Theresa May leads Jeremy Corbyn in the opinion polls.
It’s correct that Theresa May is more favoured as Prime Minister than Jeremy Corbyn in polls generally, though the Express poll only compares the two leaders on their economic credibility.
“Britain backs May … Theresa May has kept a commanding opinion poll lead over Jeremy Corbyn despite a bruising few weeks for her Government.”
Daily Express, 2 May 2018
A poll for the Daily Express found 43% of adults in Great Britain agree with the statement “Theresa May might not be the most exciting politician but she is the right person for the job at the moment”. A similar number - 41% - disagreed with this, and 16% didn’t know.
The poll also found, if Jeremy Corbyn were Prime Minister, more people think the economy would be weaker than stronger.
This data only compares the party leaders on one policy area which doesn’t necessarily reflect how the public feel about them generally. While the Conservative party and Conservative politicians tend to poll better on economic matters, Labour tend to be more favoured on other matters, for example the NHS.
Other polls indicate Theresa May is more favoured than Jeremy Corbyn as Prime Minister
Nevertheless, other recent polls by YouGov and Ipsos MORI indicate that the public think Theresa May would make the better Prime Minister.
In mid-April, 39% of GB adults told YouGov that, of the two, Mrs May would make the best Prime Minister, while 26% thought Mr Corbyn would make the best Prime Minister. The remaining 37% were unsure.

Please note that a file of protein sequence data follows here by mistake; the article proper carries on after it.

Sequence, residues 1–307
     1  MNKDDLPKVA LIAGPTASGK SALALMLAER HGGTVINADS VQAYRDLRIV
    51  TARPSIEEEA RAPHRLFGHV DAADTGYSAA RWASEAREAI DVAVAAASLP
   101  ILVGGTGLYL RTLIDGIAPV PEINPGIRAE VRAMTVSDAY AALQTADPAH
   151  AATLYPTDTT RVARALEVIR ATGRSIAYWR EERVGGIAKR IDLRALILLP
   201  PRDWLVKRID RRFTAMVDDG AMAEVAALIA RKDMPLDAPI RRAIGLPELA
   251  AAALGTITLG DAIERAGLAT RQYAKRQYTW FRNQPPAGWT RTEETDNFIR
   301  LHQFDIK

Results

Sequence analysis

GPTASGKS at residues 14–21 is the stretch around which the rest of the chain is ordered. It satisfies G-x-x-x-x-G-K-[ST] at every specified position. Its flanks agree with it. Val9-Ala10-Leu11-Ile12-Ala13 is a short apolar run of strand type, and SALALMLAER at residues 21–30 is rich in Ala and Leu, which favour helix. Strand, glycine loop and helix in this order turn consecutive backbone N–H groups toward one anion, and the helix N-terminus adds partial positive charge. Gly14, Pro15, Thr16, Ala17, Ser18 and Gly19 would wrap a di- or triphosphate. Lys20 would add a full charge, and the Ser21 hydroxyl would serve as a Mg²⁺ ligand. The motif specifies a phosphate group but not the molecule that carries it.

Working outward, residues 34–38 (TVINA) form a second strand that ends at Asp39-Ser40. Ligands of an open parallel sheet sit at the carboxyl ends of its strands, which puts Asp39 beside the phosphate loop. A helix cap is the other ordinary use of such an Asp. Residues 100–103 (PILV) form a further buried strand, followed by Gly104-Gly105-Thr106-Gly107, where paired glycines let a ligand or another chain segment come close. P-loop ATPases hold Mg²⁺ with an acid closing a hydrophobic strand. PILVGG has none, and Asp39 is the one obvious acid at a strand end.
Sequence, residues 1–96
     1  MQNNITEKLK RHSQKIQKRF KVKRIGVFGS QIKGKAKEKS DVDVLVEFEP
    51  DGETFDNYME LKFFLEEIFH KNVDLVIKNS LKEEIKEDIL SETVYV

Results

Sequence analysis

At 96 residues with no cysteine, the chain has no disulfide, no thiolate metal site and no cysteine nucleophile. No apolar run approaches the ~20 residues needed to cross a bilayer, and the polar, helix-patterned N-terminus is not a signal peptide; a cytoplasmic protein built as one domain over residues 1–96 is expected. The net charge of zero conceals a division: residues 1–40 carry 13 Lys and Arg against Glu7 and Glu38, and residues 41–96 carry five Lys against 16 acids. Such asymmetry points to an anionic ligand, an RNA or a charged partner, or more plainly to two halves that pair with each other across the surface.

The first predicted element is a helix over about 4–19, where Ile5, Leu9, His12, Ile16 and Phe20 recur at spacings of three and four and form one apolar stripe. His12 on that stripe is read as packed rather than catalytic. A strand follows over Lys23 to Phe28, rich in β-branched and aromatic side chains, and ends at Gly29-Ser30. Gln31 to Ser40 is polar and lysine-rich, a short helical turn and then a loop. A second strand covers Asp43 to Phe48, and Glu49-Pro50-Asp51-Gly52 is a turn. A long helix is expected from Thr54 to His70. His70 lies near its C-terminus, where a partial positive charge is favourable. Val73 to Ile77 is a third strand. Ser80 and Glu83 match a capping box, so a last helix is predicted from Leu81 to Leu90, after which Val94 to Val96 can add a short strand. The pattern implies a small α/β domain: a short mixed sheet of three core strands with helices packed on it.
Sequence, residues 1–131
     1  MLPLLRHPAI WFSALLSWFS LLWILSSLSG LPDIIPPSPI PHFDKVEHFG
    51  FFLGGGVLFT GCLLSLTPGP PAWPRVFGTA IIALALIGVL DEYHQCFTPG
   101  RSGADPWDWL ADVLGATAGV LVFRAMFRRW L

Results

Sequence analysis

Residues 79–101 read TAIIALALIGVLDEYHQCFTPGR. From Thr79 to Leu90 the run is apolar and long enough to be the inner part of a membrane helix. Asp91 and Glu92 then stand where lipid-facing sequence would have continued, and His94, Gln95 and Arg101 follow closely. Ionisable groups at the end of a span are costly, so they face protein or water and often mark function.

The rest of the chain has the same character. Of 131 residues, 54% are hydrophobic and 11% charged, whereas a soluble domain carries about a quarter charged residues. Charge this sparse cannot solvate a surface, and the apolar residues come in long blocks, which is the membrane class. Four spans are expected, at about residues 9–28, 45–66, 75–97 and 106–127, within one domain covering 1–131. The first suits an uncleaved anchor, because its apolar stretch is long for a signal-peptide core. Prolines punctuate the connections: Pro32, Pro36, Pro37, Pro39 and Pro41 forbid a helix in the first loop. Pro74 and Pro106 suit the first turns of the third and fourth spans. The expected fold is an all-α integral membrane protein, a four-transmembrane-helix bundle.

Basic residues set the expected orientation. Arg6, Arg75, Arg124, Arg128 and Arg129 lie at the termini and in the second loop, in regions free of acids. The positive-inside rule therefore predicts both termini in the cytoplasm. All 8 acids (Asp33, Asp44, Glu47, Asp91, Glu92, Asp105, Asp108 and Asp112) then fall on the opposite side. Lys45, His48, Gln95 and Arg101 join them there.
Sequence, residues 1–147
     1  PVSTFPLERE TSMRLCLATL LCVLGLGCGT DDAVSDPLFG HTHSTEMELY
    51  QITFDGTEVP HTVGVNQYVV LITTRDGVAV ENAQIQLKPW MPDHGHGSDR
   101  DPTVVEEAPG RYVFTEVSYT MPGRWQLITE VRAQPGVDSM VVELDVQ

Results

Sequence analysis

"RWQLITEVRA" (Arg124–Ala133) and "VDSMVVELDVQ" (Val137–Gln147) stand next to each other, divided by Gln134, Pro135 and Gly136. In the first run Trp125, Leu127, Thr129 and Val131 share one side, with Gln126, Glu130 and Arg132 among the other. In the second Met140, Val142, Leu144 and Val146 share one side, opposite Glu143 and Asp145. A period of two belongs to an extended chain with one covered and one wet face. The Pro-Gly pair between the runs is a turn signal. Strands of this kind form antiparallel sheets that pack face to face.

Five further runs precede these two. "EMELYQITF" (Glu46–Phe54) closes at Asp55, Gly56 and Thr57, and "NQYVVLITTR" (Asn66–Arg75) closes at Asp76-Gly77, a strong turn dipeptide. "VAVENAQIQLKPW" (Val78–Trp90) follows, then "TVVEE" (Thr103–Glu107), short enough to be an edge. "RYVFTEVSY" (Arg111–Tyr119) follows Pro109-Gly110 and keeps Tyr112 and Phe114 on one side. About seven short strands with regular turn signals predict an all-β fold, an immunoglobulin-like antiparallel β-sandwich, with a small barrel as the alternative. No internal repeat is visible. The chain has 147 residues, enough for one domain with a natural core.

A week later Ipsos found 44% of GB adults agreed Mrs May has what it takes to be a good Prime Minister, with 46% disagreeing. Fewer (31%) agreed Mr Corbyn has what it takes to be a good Prime Minister and more (59%) disagreed.
With these three polls in particular, the views of the party leaders is meant to represent the public as a whole, not just people expected to vote.
This poll put both parties neck and neck in the polls, recent polls have given the Conservatives the edge
Overall, the Express/Comres poll found the parties themselves tied in the main voting intention figures – both had 40% support among likely voters.
Looking at some other recent polling, the margin between Labour and the Conservatives is small. YouGov put the Conservatives 4 points ahead, ICM put them 3 points ahead, and Ipsos MORI put them 1 point ahead. As mentioned, these numbers do have a margin of error, so overall the parties could well be at similar levels, or the gap could be even larger. You can read our piece about polling accuracy here.
Whatever happens in tomorrow’s local elections, the results won’t be useful indicators of what will happen nationally in a general election.
Isn't it nice to have the whole picture?
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